The first work day after the funeral, one of the sons brought in a shoe-box to the break room where all hands gathered to get the days assignment and had dumped its contents out on the break room table in front of all the scoffers. It was filled with the campaign ribbons and medals Norman had won in that war on those far shores so many years ago, where he watched those he had grown close to and formed friendships with, being blown to bits around him. Can you imagine having your best friend’s brains all over you?

The things that he witnessed with his own eyes, the images that haunted him for the remainder of his life only to receive jeers and castigations from his co-workers as he carried that burden within him day after day. How often they told him he was some old drunk that has lost his mind and how he was full of crap.  He had once told me he felt guilty that he survived the war and his fellow soldiers did not. It seemed to always beg the question. Why me?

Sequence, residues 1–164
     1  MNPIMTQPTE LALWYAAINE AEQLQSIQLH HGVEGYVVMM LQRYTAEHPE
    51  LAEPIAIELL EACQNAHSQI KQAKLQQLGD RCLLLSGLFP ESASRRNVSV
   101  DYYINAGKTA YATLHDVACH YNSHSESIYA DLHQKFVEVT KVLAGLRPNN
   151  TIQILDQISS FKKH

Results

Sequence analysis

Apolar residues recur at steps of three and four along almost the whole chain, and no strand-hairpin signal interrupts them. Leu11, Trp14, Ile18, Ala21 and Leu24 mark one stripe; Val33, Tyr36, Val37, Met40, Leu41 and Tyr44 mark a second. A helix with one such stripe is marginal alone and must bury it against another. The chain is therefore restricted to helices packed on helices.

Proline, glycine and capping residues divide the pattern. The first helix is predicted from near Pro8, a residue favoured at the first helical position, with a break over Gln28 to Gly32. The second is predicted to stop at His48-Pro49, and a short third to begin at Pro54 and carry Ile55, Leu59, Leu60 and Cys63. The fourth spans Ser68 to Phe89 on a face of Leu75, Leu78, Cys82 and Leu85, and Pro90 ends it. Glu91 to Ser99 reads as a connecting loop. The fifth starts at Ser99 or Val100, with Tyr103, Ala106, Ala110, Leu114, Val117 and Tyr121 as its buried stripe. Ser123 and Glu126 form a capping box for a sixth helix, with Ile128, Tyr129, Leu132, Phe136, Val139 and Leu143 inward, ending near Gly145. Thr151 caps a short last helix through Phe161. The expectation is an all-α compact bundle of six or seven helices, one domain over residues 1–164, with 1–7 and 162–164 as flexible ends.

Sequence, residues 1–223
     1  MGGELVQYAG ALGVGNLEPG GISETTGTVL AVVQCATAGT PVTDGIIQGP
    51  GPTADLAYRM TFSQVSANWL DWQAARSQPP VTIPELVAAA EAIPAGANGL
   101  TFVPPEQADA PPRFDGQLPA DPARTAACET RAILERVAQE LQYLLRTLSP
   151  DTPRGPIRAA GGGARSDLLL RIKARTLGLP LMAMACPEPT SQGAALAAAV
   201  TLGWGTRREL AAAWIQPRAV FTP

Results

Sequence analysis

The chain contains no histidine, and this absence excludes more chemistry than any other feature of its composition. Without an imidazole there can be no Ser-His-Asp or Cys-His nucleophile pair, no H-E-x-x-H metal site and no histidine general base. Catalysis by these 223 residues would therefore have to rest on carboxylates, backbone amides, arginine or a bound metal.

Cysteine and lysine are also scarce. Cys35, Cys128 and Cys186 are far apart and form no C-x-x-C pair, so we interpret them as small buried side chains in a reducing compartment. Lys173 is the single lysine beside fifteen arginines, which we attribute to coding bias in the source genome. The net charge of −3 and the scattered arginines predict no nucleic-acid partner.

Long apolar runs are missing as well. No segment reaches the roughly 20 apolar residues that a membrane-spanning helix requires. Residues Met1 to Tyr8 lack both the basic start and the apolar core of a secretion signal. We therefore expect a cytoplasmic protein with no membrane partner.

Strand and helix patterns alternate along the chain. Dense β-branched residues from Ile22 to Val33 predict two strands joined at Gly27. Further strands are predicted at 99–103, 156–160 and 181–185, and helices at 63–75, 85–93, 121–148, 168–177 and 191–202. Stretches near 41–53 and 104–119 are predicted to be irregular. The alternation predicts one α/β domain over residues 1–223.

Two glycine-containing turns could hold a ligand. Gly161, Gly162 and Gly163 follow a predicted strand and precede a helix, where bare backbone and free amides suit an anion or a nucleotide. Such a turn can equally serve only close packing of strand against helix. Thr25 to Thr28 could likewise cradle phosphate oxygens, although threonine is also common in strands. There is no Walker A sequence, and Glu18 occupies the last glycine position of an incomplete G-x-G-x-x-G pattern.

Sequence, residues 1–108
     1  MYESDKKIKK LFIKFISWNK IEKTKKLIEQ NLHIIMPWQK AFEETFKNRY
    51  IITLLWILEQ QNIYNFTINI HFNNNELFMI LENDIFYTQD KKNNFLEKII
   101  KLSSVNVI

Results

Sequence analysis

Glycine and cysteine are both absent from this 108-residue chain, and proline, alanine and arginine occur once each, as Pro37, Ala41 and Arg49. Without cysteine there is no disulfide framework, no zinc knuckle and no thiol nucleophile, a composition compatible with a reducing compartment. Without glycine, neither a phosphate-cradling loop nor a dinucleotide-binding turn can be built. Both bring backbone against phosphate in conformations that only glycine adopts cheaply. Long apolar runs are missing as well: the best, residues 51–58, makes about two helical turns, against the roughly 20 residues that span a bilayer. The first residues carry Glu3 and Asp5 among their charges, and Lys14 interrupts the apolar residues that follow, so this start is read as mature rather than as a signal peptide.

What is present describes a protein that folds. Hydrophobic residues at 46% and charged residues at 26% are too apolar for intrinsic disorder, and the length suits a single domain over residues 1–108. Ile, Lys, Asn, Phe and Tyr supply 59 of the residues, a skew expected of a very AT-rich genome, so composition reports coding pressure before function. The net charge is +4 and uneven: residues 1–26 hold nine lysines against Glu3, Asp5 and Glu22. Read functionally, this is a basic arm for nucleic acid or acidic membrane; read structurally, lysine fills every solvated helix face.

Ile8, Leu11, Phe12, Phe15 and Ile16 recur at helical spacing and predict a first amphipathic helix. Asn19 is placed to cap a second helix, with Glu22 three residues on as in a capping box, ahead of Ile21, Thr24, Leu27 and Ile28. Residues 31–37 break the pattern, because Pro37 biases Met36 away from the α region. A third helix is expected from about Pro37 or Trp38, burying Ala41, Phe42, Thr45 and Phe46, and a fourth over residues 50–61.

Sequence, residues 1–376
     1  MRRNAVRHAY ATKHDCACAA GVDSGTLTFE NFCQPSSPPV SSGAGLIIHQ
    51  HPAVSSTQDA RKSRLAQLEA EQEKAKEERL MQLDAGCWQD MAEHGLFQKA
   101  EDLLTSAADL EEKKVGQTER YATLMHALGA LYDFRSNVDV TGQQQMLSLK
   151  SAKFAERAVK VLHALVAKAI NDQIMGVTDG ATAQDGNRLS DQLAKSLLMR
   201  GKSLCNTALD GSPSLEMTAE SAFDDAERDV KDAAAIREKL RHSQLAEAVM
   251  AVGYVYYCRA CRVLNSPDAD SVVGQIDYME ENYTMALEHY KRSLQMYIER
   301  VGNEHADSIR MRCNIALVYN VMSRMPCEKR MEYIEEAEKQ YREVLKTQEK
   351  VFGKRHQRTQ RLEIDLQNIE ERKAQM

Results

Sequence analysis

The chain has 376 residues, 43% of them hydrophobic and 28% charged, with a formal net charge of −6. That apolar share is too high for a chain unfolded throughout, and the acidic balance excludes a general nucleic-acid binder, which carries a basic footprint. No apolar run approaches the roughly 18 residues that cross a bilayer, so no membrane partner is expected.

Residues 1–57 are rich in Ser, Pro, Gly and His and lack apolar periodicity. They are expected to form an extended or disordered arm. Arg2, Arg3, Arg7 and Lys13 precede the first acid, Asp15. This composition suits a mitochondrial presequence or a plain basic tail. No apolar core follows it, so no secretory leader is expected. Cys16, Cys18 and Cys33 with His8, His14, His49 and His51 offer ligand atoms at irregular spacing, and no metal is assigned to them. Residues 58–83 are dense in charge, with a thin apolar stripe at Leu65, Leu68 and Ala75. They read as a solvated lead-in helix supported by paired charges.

I heard that the room that was bubbling with the morning’s activities and male banter suddenly fell deathly silent when the contents of that box were dumped out on that table.

It seems Norman had been telling the truth all along and I am sure his sons felt a sense of vindication that their dad was not full of crap as everyone said even though they themselves knew it when no one else did, at least not until that moment. Even now, I wonder how his sons felt about it.

Knowing their father was not a liar, along with bearing the pain of his loss.

What I will always remember was his kindness to me and I cannot do enough to honor his sacrifice and pray that he has at last found peace.






RuralSurvival.info℠ (Right-side navigation page SSI insertion)


RuralSurvival.info